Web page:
Dwight Howard Not as Dominant as Third Straight Defensive Player of the Year Award Suggests
Orlando Magic center Dwight Howard won the 2010-11 Kia NBA Defensive Player of the Year Award. Dwight has now won three consecutive DPoY awards, making it the first time any NBA player has done so since the award was introduced in 1982-83.
Howard led the NBA with 66 double-doubles, ranked second in rebounds (14.1 rpg) and fourth in blocks (2.38 bpg). Overall, his impact is hard to quantify into a single stat like P.E.R. because some aspects of defense just aren’t quantifiable. But the eyeball test tells us that Dwight is nothing short of a beast in the middle. His 3rd DPoY award is the 3rd most all-time, behind the four both Ben Wallace and Dikembe Mutombo won. And the way things are looking, Dwight might win five or six by the time his career is all said and done.
While the voting wasn’t unanimous, it was oblongly lopsided. Dwight received 585 points with 114 first-place votes out of a 120 possible. Five sportswriters gave him 2nd place votes and one inexplicably left him off of their ballot. While I won’t defend that one person, I will admit that there are some people, including myself, who don’t see Dwight as the bar-none best defensive player in the league.
Dwight is a terror to all foes who try and enter the painted area. He stands 6’11” and can seemingly jump just as high off the ground. He is blessed with a body almost too perfect to waste on basketball, one that would give Hercules some series self-confidence issues. Those arms seem chiseled out of marble with elbows as sharp as samurai swords, all of which extend out of shoulders that are massive like the pillars of the Golden Gate Bridge protruding out of San Fransisco’s exposed bedrock. Despite such robust features, Dwight is somehow able to glide fluidly across the hardwood in a flash, whether by foot or through the air, to send fear straight into the soul of any penetrator. Would you like to challenge Dwight’s wrath? I certainly would not, at least not without body armor. But do all of these physical attributes really make Dwight the league’s best defender?
The argument isn’t that Dwight is not deserving of praise or even his third consecutive award — he is. My point is that Dwight Howard is not head and massive shoulders above everyone else in the league defensively.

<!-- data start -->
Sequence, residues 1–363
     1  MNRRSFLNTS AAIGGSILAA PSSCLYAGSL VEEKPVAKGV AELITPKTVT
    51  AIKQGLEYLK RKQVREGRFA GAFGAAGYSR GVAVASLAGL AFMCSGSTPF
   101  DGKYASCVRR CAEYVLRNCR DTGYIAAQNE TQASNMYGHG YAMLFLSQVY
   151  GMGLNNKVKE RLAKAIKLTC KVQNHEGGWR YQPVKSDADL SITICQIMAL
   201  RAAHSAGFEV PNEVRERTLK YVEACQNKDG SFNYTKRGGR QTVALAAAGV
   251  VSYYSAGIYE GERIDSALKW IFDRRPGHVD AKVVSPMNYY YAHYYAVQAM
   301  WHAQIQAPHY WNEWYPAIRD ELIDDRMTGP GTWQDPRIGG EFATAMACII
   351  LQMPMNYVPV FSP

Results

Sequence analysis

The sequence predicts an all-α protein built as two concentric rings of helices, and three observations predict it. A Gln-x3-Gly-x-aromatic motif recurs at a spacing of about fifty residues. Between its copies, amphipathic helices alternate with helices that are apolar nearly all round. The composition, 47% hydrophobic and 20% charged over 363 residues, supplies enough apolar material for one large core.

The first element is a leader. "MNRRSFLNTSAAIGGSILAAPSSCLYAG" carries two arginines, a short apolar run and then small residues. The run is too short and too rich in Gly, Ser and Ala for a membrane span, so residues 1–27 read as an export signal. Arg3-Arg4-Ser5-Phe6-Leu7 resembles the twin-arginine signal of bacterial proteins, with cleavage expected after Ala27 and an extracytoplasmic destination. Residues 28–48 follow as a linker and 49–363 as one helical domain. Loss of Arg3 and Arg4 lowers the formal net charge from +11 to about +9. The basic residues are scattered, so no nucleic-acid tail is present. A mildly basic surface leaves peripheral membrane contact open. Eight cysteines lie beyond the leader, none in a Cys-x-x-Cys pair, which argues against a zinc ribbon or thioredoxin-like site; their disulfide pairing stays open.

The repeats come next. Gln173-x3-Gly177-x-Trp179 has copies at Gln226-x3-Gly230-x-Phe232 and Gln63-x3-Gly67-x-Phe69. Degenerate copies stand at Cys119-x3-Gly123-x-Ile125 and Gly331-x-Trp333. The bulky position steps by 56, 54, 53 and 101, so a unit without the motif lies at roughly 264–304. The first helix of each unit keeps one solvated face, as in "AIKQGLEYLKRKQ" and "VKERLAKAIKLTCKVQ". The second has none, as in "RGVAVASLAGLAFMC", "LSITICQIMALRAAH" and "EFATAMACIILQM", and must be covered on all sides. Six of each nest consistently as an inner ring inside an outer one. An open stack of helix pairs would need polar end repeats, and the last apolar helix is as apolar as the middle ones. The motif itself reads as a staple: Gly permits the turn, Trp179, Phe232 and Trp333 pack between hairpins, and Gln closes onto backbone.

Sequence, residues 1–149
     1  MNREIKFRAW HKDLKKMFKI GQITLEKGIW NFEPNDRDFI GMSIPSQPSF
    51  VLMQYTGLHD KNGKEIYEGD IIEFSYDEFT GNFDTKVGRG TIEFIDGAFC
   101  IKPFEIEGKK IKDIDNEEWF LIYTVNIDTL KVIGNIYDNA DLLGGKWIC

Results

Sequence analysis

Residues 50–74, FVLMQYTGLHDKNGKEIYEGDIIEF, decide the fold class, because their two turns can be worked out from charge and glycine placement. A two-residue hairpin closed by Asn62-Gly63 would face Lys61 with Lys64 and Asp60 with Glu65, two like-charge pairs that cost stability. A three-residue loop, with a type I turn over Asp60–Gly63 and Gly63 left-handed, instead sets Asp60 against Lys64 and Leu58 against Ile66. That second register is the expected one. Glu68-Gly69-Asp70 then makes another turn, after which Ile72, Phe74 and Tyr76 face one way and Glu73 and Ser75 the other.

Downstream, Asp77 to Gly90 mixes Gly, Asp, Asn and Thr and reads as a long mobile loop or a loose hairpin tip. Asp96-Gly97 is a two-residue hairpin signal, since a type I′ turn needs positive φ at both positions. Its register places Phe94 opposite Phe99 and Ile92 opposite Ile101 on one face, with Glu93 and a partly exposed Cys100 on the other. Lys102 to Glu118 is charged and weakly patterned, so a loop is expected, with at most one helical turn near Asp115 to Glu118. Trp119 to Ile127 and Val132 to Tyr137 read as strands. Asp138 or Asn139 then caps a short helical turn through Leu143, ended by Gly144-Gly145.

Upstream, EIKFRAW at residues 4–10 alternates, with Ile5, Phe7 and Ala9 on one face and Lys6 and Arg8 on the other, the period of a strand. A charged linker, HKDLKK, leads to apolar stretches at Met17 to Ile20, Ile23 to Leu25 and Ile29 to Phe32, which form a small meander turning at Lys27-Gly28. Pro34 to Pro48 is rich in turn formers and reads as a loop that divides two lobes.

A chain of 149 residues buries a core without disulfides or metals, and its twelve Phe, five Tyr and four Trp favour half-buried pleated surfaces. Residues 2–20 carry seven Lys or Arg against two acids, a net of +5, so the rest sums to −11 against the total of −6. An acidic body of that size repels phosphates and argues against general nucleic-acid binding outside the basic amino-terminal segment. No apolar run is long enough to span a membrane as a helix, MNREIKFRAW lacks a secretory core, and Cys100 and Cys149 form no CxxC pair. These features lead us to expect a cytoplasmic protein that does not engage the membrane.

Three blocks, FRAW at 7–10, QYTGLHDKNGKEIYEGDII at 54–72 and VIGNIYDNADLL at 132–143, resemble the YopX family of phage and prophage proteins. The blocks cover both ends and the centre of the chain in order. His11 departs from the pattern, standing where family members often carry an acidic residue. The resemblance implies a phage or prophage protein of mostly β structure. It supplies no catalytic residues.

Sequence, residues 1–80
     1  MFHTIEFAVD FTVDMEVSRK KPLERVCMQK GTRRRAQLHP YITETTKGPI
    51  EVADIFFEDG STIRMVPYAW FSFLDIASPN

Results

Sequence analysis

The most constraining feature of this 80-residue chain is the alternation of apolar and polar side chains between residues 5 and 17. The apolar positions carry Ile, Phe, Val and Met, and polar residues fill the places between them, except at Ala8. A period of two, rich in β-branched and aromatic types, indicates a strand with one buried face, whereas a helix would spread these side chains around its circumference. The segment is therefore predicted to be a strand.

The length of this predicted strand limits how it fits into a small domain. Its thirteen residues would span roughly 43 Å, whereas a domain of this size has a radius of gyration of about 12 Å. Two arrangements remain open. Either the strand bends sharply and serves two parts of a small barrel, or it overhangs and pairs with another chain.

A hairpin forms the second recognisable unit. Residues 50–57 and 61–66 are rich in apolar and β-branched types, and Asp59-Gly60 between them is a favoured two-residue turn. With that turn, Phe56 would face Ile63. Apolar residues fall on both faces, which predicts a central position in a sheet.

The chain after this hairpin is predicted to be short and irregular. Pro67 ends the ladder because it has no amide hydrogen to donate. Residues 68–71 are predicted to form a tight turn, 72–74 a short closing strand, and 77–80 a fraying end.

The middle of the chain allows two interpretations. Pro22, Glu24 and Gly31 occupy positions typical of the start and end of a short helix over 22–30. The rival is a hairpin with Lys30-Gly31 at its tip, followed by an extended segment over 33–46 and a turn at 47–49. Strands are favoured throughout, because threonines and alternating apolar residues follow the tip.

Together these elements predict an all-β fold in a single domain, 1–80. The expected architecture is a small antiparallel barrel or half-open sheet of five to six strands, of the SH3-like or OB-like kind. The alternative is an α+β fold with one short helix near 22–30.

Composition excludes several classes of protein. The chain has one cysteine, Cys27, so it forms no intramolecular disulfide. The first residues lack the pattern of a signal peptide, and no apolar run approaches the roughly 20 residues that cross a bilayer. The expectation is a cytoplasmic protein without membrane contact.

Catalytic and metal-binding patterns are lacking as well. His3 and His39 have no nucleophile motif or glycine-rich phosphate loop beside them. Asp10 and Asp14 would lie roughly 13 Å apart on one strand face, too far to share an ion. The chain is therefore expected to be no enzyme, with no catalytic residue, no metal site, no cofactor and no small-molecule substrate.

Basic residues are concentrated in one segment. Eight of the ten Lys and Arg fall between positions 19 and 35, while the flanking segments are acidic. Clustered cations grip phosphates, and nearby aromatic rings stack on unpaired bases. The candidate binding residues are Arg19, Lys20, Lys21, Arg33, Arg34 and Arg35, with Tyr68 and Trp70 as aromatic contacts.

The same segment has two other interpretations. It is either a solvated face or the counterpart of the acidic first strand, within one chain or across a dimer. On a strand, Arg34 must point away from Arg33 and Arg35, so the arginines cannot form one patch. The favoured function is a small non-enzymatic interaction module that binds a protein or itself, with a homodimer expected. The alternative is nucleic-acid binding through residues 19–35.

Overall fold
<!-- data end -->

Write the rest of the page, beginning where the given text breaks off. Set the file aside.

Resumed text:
While Howard’s overall game is dominant, he doesn’t lead the league in any “defensive” stats, and I put quotations around “defensive” because we don’t really have a pure defensive stat like we have for offense. Defense is hard to quantify and we don’t really have a metric like P.E.R. or even one as simple as points, so there is a healthy mixture of subjective data in any defensive argument. With that in mind, Dwight’s team is in the top three in defensive efficiency but they don’t lead the league. Likewise, Dwight accumulates a ton of rebounds, steals and blocks every game yet he doesn’t lead the league in any of those categories. Likewise, the value of some of his blocks are blown out of proportion considering he typically bats them into the upper deck, returning possession to the other team.
As for advanced metrics, some help Dwight’s case while others hurt his cause. According to Basketball-Reference.com, Dwight leads the NBA in Defensive Efficiency. He also leads the NBA in Defensive Win Shares, which is an estimate of wins contributed by a player due to their defense. Both stats are good signs, but Howard’s 0.80 Points Per Possession allowed (PPP) doesn’t lead the league, according to synergy sports. And in a game where scoring is the main objective, shouldn’t defensive prowess be based on how much a player prevents the opposition from scoring? In fact players like LeBron James (0.76 PPP) and Tony Allen (0.78 PPP) give up less points while defending better players. And that’s my main issue with Dwight.
Who does Dwight Howard defend? He happens to match up with some of the lowliest players in the NBA on a nightly basis while perimeter defenders are having to check some of the deadliest scorers the league has seen in decades. If there is one position that lacks consistent talent, it is the center position. Most big men in today’s game are there by virtue of their genetics and not due to their basketball skills. Dwight, who happens to be one of the few very skilled big men, has the luxury of being able to provide help defense off his man or not having to go 100% in defensive battles. This allows him to rotate over and block shots, or box out a weaker opponent to nab a rebound. And it is those highlight blocks and plethora of rebounds that keep his name atop of everyone’s list.
Congrats, Dwight, on another Defensive Player of the Year award. Just be thankful that you have never had to try and keep Derrick Rose contained for 48 minutes.